branched noseburn, more...
[Tragia angustifolia Nutt., more]
Plant: perennial, < 0.5 m, monoecious, rough-hairy; hairs stinging, nettle-like; stem 1-3 dm Leaves: generally simple, cauline, alternate; stipules persistent, 1-4.5 mm, lanceolate to ovate; petiole 2-20 mm; blade 1-2 cm, lanceolate to ovate, base truncate to ± lobed, margin coarsely, sharply toothed INFLORESCENCE: raceme, terminal or opposite leaf, 0.5-1 cm, ± spreading; pedicels 1-2 mm; staminate flowers 2-4; pistillate flower 1; staminate flowers above pistillate flowers Flowers: Staminate flower: sepals 4-5, ± 1 mm, recurved; petals 0; stamens 3-6, = sepals, filaments ± flattened; nectary 0; Pistillate flower: sepals 5, 1.5-2 mm; petals 0; ovary < 2 mm diam, puberulent to finely bristly, 3-chambered, styles fused in lower 1/3 Fruit: capsule, 3-4 mm, 6-8 mm wide, depressed-spheric, sparsely and finely bristly; Seed 2.5-3.5 mm, ± spheric,1 per chamber, smooth or ± rough; scar not appendaged Misc: Dry, rocky slopes, scrub, pinyon/juniper woodland; 900-1700 m
Martin and Hutchins 1980, Allred and Ivey 2012, Heil et al. 2013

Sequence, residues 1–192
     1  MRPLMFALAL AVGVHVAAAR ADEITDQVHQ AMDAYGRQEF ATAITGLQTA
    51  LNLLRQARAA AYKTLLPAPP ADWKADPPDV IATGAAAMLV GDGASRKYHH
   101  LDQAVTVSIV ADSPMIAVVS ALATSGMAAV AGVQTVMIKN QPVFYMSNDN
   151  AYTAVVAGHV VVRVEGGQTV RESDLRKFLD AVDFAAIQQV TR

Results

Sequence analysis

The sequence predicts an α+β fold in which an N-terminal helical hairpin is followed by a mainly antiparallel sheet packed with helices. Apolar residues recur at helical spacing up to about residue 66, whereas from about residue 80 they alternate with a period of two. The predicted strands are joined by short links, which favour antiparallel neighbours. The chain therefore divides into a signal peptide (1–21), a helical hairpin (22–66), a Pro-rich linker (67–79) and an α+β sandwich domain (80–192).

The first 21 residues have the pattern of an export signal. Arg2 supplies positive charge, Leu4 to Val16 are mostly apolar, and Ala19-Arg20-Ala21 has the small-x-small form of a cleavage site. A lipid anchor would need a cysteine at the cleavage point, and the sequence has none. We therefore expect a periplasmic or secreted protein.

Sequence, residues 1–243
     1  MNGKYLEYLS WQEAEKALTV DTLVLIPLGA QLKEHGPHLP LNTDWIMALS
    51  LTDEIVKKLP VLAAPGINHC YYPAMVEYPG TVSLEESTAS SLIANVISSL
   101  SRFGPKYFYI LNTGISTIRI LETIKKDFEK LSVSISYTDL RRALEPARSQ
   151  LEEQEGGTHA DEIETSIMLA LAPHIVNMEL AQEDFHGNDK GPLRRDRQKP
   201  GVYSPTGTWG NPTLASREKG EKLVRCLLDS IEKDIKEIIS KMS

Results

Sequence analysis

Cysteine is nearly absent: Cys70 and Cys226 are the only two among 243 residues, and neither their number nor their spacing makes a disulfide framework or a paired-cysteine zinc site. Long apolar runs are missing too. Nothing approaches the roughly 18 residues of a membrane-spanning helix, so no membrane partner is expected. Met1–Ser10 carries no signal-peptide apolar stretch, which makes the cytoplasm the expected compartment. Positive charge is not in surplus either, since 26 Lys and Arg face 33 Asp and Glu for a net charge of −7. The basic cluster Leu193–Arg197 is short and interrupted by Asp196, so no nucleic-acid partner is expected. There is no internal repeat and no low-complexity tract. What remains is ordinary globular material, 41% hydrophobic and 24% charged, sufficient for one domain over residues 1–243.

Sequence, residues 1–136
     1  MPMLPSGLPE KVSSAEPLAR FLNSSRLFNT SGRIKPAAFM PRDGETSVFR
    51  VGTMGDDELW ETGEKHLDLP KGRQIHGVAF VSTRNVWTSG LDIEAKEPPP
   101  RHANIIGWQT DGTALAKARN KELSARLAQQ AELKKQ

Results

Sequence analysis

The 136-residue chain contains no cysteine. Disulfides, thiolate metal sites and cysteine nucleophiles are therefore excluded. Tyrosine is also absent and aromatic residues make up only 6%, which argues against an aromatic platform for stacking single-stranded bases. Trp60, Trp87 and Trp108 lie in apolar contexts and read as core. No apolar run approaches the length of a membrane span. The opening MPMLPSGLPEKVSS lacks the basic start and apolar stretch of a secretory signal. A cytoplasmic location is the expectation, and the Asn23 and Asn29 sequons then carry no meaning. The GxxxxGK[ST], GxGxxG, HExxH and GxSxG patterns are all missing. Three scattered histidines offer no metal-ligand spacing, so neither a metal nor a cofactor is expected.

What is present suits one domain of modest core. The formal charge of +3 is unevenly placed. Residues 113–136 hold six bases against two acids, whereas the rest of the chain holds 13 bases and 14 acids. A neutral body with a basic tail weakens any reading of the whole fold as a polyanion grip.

Duration: Perennial Nativity: Native Lifeform: Forb/Herb General: Perennial herbs, 10-30 cm tall, from stout, semi-woody taproots; stems many, ascending to erect, slender, sparsely branching; stems and leaves covered with stinging hairs; sap not milky. Leaves: Alternate along the stems, on short petioles 1-5 mm long; blades narrowly triangular or linear-lanceolate to ovate, 1-5 cm long and 4-20 mm wide, with serrate margins; stipules lanceolate to ovate, 1-4 mm long, in pairs at the base of petioles. Flowers: Separate male and female flowers on the same plant (monoecious); racemes located at branch tips and emerging from the stems opposite the leaves, with female flowers at the lower 1-2 nodes of each raceme and male flowers at upper nodes; male flowers with 3-4 sepals, 1-2 mm long, no petals, and 3-4 stamens; female flowers with 6 sepals, 2 mm long, no petals, and an ovary covered with stinging hairs and topped with 3 slender, recurved styles. Fruits: Capsules distinctly 3-lobed, 2-4 mm tall and 6-8 mm wide, explosively dehiscent (splitting open) at maturity; releasing 3 brown globose seeds, 3 mm long. Ecology: Found on rocky slopes from 5,000-7,000 ft (1524-2134 m); flowers April-June. Distribution: MO to TX, west to se CA, s NV, and s UT; also in n MEX. Notes: This perennial herb is small and delicate-looking, but be careful because the whole plant is covered with stinging hairs. Look for the slender stems which turn brown with age; the leaves longer than they are wide, with toothed edges; and if you catch it at the right time, one or two seed pods attached to each stem, usually an inch or two below the stem tip. The seed pods have 3 lobes and explosively split open to release the seeds. Difficult to distinguish from T. nepetefolia, which has more flowers per raceme (6-many), a shorter papillose style, and 3 stamens. T. nepetefolia is also found at lower altitudes, down to 2,500 ft (762 m). Ethnobotany: Infusion used to treat ant bites; plant used to increase the pain threshold of male infants. Etymology: Tragia is the Latinized name of Hieronymus Bock (1498-1554) a German herbalist; ramosa means branched. Synonyms: Tragia angustifolia, Tragia nepetifolia var. ramosa, Tragia stylaris Editor: SBuckley 2010, AHazelton 2017